There has been a tech-wave in the past several decades that has ushered in a virtually new world.
Tech is rising. Apple is king and the Blockbusters and Borders of the world are disappearing; struggling to compete with more agile and digitally mature tech rivals.
Venture Capitalist John Doerr said it was best to invent innovations and second best to invest in them, and he should have kept going, because adapting to innovation is better than the alternative.
Blockbuster had the chance to buy Netflix in 2000
, back when it was a DVD mailing service, but passed on the opportunity. In 2007, that DVD mailing service pivoted and started online streaming. It invented something new and within 3 years Blockbuster was bankrupt.
Blockbuster didn't invent, invest or adapt, and so it died.
Well, better late than never to catch up on the cloud and software licensing bandwagons.
Critical to a discussion of the types of licenses are the types of cloud service models through which some licenses are delivered.
The 3 main types of cloud service models are:
Some advocate the "everything as a service" model, or EaaS, but cloud-computing providers slice and dice services into the above 3 types (SaaS, PaaS and IaaS).
While SaaS services are typically run on top of PaaS services, and so on, this is not always the case. SaaS services can be run directly on hardware and programs can be run directly on IaaS services.
SaaS examples: Gmail, Microsoft Office 365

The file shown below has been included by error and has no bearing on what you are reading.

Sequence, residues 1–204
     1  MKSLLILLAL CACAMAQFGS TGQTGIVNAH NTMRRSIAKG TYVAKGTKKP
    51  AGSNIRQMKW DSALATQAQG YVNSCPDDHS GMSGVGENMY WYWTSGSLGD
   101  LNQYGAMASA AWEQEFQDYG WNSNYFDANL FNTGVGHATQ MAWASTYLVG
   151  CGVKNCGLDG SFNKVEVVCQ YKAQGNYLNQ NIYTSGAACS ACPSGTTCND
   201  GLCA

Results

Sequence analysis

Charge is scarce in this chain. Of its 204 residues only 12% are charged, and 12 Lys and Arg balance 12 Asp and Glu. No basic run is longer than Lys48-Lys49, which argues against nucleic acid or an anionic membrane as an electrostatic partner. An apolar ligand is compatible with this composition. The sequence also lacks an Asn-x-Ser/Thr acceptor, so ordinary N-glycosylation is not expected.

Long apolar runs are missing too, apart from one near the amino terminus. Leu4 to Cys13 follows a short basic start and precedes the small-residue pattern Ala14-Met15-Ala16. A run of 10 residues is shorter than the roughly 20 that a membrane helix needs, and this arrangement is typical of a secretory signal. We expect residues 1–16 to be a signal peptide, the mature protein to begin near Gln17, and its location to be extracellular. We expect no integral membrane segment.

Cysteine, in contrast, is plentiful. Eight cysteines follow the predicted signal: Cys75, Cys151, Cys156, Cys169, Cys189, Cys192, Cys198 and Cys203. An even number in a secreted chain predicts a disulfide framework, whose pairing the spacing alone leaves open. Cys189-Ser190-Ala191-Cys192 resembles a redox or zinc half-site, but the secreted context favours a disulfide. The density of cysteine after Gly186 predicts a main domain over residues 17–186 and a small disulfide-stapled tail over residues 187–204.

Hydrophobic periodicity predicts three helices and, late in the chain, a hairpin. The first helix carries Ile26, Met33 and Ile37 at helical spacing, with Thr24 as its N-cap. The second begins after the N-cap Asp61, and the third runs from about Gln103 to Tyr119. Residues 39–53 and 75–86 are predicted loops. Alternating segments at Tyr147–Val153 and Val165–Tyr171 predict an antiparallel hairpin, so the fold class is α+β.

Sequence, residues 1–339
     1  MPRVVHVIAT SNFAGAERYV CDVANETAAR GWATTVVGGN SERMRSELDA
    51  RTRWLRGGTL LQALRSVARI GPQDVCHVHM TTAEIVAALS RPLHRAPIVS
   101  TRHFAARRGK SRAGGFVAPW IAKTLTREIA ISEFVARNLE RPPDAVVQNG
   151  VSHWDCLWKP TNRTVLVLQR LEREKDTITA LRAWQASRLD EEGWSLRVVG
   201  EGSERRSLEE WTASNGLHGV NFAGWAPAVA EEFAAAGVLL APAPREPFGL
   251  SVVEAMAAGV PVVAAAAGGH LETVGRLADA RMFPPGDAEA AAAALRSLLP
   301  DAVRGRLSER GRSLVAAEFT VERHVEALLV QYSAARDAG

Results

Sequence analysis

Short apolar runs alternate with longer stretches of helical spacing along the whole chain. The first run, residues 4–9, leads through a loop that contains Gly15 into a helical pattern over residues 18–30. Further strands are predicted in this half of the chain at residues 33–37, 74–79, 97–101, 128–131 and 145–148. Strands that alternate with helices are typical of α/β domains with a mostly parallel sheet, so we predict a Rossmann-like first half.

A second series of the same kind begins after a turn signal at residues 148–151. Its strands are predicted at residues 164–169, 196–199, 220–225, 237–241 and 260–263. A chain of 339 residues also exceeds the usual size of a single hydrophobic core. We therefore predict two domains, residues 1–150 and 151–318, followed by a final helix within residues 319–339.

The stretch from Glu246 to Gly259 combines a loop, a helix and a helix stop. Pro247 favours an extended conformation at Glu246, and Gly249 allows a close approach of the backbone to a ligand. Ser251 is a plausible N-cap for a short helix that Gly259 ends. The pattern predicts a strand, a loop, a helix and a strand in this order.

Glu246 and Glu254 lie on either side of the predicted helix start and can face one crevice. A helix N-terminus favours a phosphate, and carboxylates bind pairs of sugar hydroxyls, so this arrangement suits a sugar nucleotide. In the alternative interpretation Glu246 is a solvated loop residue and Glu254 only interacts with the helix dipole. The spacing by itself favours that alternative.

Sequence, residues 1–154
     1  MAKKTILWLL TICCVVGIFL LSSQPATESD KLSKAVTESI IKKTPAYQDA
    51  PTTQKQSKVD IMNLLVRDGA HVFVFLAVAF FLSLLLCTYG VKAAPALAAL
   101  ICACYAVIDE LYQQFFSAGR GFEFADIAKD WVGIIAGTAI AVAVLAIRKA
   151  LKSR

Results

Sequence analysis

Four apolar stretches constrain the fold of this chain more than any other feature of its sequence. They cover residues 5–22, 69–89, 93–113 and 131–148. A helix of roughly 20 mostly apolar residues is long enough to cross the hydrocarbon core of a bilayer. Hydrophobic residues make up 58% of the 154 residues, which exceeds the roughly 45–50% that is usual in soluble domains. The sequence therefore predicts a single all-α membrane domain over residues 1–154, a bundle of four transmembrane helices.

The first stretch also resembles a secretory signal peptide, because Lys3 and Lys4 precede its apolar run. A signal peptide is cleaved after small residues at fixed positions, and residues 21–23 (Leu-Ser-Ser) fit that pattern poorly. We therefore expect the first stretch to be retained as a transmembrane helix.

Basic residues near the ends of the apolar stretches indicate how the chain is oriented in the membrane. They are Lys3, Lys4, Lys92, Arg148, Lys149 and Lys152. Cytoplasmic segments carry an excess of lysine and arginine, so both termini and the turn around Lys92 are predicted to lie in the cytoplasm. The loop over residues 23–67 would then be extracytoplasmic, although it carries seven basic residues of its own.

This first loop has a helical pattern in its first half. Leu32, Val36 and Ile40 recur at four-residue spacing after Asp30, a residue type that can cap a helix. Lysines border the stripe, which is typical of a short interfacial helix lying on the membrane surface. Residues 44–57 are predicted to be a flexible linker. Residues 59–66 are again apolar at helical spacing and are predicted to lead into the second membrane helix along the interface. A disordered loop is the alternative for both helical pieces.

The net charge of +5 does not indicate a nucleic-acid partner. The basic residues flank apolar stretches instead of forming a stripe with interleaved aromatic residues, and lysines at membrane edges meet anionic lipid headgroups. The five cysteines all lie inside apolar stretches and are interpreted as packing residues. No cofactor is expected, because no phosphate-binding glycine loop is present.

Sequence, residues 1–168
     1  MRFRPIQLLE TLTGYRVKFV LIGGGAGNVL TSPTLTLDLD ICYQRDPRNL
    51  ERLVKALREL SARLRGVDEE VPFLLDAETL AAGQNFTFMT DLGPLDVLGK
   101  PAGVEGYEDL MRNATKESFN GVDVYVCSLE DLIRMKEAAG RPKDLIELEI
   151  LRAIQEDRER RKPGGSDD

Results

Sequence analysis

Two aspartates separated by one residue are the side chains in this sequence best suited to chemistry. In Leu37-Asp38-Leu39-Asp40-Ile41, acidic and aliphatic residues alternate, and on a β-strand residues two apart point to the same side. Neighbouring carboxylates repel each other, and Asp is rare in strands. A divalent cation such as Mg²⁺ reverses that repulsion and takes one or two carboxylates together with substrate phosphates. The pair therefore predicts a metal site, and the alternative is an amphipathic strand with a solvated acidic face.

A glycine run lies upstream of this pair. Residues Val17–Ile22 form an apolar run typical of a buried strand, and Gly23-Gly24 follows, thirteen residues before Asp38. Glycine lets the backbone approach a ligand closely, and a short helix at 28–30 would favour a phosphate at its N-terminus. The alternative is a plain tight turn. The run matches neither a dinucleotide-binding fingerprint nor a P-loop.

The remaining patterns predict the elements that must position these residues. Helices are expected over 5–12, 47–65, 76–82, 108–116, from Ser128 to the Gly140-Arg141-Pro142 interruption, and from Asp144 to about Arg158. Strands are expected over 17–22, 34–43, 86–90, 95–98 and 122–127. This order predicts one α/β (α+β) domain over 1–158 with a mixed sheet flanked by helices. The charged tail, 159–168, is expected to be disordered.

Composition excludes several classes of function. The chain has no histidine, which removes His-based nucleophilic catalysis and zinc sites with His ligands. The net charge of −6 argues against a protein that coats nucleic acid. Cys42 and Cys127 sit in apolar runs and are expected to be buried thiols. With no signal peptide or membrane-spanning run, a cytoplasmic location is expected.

Common SaaS use-case
: Replaces traditional on-device software
When people talk about cloud applications (e.g. Gmail), they are talking about Software as a Service (SaaS).
SaaS represents the largest, but slowest growing cloud marketplace. The SaaS marketplace is also the most fragmented with thousands of players ranging from internet heavyweights to startups.
SaaS uses the web to deliver applications that are managed by a third-party vendor but accessed client side. Most SaaS applications can be accessed within a web browser without any downloads or installations required, but some require plugins.
Because of the web delivery model, SaaS eliminates the need to install and run applications on individual computers, however, some SaaS products can be accessed in-app (e.g. iOS) as well as in browser (e.g. Gmail).
PaaS examples: Codebots (aPaaS), Apprenda
Common PaaS use-case: Less time coding and more time creating (see Codebots)
Cloud platform services, or Platform as a Service (PaaS) typically include an operating system, programming language execution environment and a web server, but there is more than 10 subcategories of PaaS, so things are a little bit messy.
Generally, PaaS is used to create, deploy and manage SaaS. It represents the smallest, but fastest growing of the 3 main cloud marketplaces.
When developing an application using PaaS, you can embed middleware (elements of the PaaS) into the app. This allows the application to inherit certain characteristics, such as library or piece of code.